With substantial growth expected in the numbers of tourists from Greater China (China, Hong Kong and Taiwan) visiting Australia over the next decade, the Northern Territory Government is committed to increasing interest of travel to the Northern Territory. The Northern Territory Government recognises this long term growth opportunity and is working with the Chinese market to develop stronger links, promote local tourism experiences, aviation access and flight connections from China.
Advantages that set the Northern Territory apart
- Area of outstanding natural beauty with a global reputation.
- Home to two of Australia’s most famous World Heritage tourist attractions, Uluru and Kakadu National Park.
- Pristine coastline and outstanding inland aquatic experiences.
- Diverse wildlife with opportunities for safe interaction.
- Panoramic open spaces under a clear, expansive sky.
- A cosmopolitan capital city close to key Asian markets with an array of markets offering a wide variety of cuisines.
- Enormous potential to capture outbound Chinese tourist market.
- Unique opportunity to see and experience Australian Aboriginal culture.
- Diverse range of small to large scale investment opportunities in tourism projects.
- Opportunities for greenfield development of high quality accommodation and tourism facilities.
Opportunities for investors
Strategically positioned close to Asia, the Northern Territory is a competitive destination for investors looking to expand their tourism portfolio into growing Asian markets. Opportunities exist in urban areas like Darwin that offer easy access to spectacular coastal settings, as well as in inland areas with excellent access to beautiful and impressive landscapes.
Lee Point Urban Coastal Tourism Development Opportunity
The Northern Territory Government is looking to work with the private sector to develop the Lee Point area to include high quality tourism accommodation facilities in a main street format, with attractive view lines along the coast and to the sea. This prime, underdeveloped coast line is located just 14kms from Darwin CBD, bounded by Casuarina Coastal Reserve, and is highly accessible to Darwin International Airport, Charles Darwin University, Royal Darwin Hospital and Casuarina Shopping Centre.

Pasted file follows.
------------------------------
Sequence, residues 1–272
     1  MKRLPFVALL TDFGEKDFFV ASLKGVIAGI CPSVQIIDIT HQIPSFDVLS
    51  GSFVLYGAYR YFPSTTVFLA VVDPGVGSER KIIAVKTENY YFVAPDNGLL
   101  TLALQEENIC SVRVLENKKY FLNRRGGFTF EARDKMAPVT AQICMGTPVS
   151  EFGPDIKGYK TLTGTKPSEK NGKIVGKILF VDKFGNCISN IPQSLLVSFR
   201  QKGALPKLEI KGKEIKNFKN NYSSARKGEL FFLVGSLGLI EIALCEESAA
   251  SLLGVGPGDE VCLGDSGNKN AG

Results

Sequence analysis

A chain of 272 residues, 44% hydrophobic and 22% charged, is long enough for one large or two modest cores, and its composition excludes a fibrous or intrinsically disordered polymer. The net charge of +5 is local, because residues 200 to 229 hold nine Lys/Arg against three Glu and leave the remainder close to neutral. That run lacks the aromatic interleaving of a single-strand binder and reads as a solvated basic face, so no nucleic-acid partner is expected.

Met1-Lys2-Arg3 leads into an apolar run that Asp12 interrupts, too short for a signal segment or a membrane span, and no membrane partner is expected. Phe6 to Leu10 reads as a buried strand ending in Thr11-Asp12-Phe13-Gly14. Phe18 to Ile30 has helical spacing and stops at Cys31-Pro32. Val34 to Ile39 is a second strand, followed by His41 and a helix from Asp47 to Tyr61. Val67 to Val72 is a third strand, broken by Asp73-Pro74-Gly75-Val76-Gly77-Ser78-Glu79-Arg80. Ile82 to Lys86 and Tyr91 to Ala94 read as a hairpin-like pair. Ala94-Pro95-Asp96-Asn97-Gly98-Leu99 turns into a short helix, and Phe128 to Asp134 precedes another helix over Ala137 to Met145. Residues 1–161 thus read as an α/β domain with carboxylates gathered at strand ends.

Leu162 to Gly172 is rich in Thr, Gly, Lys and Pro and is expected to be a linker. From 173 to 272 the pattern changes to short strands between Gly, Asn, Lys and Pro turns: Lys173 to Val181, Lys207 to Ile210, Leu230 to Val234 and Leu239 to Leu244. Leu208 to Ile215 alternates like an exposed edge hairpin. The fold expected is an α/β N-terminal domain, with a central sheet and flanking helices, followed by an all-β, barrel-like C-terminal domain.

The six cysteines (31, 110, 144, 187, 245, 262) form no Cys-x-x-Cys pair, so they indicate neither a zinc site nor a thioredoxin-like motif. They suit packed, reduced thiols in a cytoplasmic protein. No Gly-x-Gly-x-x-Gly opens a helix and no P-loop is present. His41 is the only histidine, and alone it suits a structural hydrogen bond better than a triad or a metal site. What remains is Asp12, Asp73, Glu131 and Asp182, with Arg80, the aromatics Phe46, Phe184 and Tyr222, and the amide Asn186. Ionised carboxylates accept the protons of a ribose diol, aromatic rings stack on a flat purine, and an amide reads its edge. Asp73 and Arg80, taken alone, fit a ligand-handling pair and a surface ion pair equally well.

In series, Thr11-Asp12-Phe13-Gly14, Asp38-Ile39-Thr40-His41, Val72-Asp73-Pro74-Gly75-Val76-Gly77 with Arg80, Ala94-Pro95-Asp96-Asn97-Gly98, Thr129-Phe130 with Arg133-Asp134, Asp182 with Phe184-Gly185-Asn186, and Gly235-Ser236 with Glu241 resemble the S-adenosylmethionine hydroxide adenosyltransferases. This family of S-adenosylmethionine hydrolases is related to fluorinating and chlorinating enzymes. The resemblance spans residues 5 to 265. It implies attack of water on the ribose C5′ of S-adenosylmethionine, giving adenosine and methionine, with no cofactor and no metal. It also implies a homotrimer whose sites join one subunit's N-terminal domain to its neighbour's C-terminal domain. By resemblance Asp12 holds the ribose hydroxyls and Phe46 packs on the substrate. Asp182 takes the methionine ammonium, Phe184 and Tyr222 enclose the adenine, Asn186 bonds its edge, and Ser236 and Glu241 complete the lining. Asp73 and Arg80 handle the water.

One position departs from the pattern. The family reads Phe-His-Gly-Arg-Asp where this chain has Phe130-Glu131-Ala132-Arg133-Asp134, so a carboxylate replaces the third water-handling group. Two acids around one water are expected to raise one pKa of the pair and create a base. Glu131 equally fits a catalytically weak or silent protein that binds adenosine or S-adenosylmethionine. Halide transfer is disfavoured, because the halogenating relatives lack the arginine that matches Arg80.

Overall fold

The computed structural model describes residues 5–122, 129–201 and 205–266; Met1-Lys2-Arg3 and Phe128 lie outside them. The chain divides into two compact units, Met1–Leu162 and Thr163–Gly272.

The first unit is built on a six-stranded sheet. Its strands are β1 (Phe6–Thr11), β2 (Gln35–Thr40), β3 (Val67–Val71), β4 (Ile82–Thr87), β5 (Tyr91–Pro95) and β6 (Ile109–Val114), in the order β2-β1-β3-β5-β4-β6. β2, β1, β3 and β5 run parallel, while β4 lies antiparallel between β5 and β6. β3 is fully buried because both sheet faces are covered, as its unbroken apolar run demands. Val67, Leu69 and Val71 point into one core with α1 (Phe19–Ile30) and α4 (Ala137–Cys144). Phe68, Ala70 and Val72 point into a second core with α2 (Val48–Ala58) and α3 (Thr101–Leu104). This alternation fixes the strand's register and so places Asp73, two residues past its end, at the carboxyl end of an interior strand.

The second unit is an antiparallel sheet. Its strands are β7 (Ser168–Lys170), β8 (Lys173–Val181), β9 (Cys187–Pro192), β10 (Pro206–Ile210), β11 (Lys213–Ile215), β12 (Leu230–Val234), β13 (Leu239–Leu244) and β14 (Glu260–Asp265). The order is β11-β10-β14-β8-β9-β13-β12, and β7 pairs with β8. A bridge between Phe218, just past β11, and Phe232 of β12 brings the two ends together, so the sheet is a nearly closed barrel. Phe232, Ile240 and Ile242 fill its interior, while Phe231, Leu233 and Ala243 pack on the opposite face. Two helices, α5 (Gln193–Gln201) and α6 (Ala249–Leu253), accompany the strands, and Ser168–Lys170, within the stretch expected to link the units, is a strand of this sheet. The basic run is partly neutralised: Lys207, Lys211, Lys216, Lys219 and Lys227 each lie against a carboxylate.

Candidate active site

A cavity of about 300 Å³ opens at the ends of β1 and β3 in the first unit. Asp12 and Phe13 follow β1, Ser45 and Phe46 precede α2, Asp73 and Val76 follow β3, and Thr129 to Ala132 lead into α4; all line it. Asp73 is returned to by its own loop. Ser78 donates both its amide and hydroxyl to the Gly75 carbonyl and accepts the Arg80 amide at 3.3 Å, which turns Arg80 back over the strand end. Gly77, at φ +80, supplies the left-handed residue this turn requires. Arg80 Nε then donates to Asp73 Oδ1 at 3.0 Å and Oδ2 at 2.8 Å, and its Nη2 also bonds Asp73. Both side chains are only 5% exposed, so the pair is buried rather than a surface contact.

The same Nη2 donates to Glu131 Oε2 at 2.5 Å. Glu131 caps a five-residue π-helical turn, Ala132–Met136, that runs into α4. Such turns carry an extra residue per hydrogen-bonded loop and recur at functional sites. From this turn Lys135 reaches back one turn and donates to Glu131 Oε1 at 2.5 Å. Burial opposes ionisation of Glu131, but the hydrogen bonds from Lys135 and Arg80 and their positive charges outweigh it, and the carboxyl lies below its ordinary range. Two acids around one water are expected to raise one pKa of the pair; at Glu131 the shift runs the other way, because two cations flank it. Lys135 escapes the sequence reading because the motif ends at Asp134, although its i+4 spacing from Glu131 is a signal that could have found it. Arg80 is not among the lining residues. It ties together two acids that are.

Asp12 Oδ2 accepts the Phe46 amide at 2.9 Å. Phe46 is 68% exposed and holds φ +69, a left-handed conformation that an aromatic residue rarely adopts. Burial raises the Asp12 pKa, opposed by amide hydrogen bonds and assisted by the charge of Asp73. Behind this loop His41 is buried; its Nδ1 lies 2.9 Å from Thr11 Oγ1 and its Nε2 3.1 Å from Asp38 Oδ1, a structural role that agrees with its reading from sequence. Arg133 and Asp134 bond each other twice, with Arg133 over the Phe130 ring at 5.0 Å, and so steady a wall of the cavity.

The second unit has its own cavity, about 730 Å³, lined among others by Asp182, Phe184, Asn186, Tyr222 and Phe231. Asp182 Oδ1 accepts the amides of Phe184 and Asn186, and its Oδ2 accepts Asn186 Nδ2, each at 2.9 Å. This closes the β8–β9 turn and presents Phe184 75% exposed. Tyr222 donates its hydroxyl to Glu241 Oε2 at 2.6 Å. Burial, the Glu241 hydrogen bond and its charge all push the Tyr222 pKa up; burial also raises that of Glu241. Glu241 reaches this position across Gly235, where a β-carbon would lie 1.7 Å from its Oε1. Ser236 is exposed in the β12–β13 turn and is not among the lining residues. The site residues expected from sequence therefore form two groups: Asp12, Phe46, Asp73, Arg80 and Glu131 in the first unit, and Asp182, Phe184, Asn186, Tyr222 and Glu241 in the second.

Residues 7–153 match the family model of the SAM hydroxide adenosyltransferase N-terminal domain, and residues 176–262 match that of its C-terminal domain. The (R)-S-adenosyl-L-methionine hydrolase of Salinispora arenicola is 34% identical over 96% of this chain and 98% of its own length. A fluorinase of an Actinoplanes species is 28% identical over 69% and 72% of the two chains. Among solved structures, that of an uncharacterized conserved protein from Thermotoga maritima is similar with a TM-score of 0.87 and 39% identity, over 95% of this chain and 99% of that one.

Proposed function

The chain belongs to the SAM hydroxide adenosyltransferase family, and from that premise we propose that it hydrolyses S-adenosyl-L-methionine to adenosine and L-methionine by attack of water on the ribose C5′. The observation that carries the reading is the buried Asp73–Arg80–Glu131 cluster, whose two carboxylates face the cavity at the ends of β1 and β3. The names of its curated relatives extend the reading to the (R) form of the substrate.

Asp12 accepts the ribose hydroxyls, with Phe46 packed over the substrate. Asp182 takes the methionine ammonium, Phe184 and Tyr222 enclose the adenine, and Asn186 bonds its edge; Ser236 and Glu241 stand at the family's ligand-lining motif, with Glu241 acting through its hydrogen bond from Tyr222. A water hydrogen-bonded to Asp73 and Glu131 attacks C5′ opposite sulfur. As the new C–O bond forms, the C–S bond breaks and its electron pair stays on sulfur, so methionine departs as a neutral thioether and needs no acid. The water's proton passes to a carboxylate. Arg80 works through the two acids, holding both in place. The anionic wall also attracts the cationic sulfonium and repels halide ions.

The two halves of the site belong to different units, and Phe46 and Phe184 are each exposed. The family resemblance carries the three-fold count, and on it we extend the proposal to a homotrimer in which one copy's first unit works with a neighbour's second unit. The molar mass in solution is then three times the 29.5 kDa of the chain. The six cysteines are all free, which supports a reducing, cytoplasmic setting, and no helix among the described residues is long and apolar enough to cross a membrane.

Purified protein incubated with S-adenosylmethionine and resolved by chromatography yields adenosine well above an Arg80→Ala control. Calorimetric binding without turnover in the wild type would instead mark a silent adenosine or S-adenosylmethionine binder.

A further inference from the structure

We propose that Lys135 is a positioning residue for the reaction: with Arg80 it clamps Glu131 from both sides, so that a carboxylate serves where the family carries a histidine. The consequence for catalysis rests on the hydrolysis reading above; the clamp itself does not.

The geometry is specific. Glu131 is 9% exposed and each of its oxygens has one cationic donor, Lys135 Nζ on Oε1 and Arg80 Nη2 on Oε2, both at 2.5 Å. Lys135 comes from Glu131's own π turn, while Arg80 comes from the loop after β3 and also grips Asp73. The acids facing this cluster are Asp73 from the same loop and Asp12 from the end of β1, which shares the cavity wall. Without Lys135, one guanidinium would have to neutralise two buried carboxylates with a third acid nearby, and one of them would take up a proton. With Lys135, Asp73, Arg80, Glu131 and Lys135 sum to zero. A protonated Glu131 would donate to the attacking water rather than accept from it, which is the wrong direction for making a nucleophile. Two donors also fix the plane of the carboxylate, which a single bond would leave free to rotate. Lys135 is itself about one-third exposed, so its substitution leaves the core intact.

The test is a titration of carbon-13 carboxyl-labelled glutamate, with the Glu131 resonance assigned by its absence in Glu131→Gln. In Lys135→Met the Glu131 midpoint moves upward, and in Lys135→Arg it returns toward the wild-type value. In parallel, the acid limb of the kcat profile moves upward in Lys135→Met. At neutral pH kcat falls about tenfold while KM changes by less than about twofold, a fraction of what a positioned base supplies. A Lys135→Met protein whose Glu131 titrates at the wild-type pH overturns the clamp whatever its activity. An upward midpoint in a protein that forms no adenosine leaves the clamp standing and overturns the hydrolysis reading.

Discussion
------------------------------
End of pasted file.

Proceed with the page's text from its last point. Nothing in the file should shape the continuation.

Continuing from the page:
Regional nature based tourist facilities
Experiential accommodation lodges and attractions are gaining popularity with an increasingly sophisticated tourist market developing in Asia. The Northern Territory offers unique locations which will fascinate the enquiring traveller; such as the Red Mallee investment opportunity to create a luxury, nature-based resort atop a ridge at the apex of two gorges, overlooking the spectacular Palm Valley catchment in Central Australia. The government will work closely with investors to facilitate access to these sites for construction of bespoke tourism accommodation and attractions.
As Australia’s northernmost capital and within five hours flight time of 400 million people in Asia, Darwin is positioned to become the nation’s northern aviation gateway to Asia and the world.
The terminal at Darwin International Airport is open 24 hours a day, seven days a week, catering to both international and domestic flights. A $60 million upgrade has doubled its capacity to service future growth and the opening of the ‘Catalina’ international lounge in September 2016 has improved services and appeal for full service international airline partners. In 2015-16, 2.04 million passengers passed through its doors.7 This number is forecast to grow to 4.1 million passengers annually by 2029, with combined aircraft movements anticipated to increase to 103,800 per annum.8